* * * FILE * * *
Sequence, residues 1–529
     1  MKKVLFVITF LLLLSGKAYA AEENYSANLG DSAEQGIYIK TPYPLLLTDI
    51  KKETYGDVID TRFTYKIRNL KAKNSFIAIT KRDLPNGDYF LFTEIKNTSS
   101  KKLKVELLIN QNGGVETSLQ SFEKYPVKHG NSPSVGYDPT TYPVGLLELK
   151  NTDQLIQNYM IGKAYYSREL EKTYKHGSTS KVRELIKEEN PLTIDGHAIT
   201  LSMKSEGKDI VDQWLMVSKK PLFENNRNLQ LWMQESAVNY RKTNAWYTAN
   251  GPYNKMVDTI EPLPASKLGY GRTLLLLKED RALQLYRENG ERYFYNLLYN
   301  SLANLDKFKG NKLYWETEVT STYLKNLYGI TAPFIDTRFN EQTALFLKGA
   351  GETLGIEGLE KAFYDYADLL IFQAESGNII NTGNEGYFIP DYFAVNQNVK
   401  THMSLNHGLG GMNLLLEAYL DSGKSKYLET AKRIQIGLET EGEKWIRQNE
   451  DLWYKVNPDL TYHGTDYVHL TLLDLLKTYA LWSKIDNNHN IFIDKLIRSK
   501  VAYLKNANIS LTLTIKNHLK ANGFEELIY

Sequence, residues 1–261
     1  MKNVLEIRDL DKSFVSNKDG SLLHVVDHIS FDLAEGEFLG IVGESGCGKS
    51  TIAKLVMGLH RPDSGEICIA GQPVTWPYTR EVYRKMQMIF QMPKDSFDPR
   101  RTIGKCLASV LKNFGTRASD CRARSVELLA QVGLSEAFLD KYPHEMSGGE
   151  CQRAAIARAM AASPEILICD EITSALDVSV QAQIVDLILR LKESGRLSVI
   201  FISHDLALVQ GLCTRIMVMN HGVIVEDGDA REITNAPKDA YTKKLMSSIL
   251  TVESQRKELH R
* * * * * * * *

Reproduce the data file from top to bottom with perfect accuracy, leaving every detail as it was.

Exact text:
Sequence, residues 1–529
     1  MKKVLFVITF LLLLSGKAYA AEENYSANLG DSAEQGIYIK TPYPLLLTDI
    51  KKETYGDVID TRFTYKIRNL KAKNSFIAIT KRDLPNGDYF LFTEIKNTSS
   101  KKLKVELLIN QNGGVETSLQ SFEKYPVKHG NSPSVGYDPT TYPVGLLELK
   151  NTDQLIQNYM IGKAYYSREL EKTYKHGSTS KVRELIKEEN PLTIDGHAIT
   201  LSMKSEGKDI VDQWLMVSKK PLFENNRNLQ LWMQESAVNY RKTNAWYTAN
   251  GPYNKMVDTI EPLPASKLGY GRTLLLLKED RALQLYRENG ERYFYNLLYN
   301  SLANLDKFKG NKLYWETEVT STYLKNLYGI TAPFIDTRFN EQTALFLKGA
   351  GETLGIEGLE KAFYDYADLL IFQAESGNII NTGNEGYFIP DYFAVNQNVK
   401  THMSLNHGLG GMNLLLEAYL DSGKSKYLET AKRIQIGLET EGEKWIRQNE
   451  DLWYKVNPDL TYHGTDYVHL TLLDLLKTYA LWSKIDNNHN IFIDKLIRSK
   501  VAYLKNANIS LTLTIKNHLK ANGFEELIY

Sequence, residues 1–261
     1  MKNVLEIRDL DKSFVSNKDG SLLHVVDHIS FDLAEGEFLG IVGESGCGKS
    51  TIAKLVMGLH RPDSGEICIA GQPVTWPYTR EVYRKMQMIF QMPKDSFDPR
   101  RTIGKCLASV LKNFGTRASD CRARSVELLA QVGLSEAFLD KYPHEMSGGE
   151  CQRAAIARAM AASPEILICD EITSALDVSV QAQIVDLILR LKESGRLSVI
   201  FISHDLALVQ GLCTRIMVMN HGVIVEDGDA REITNAPKDA YTKKLMSSIL
   251  TVESQRKELH R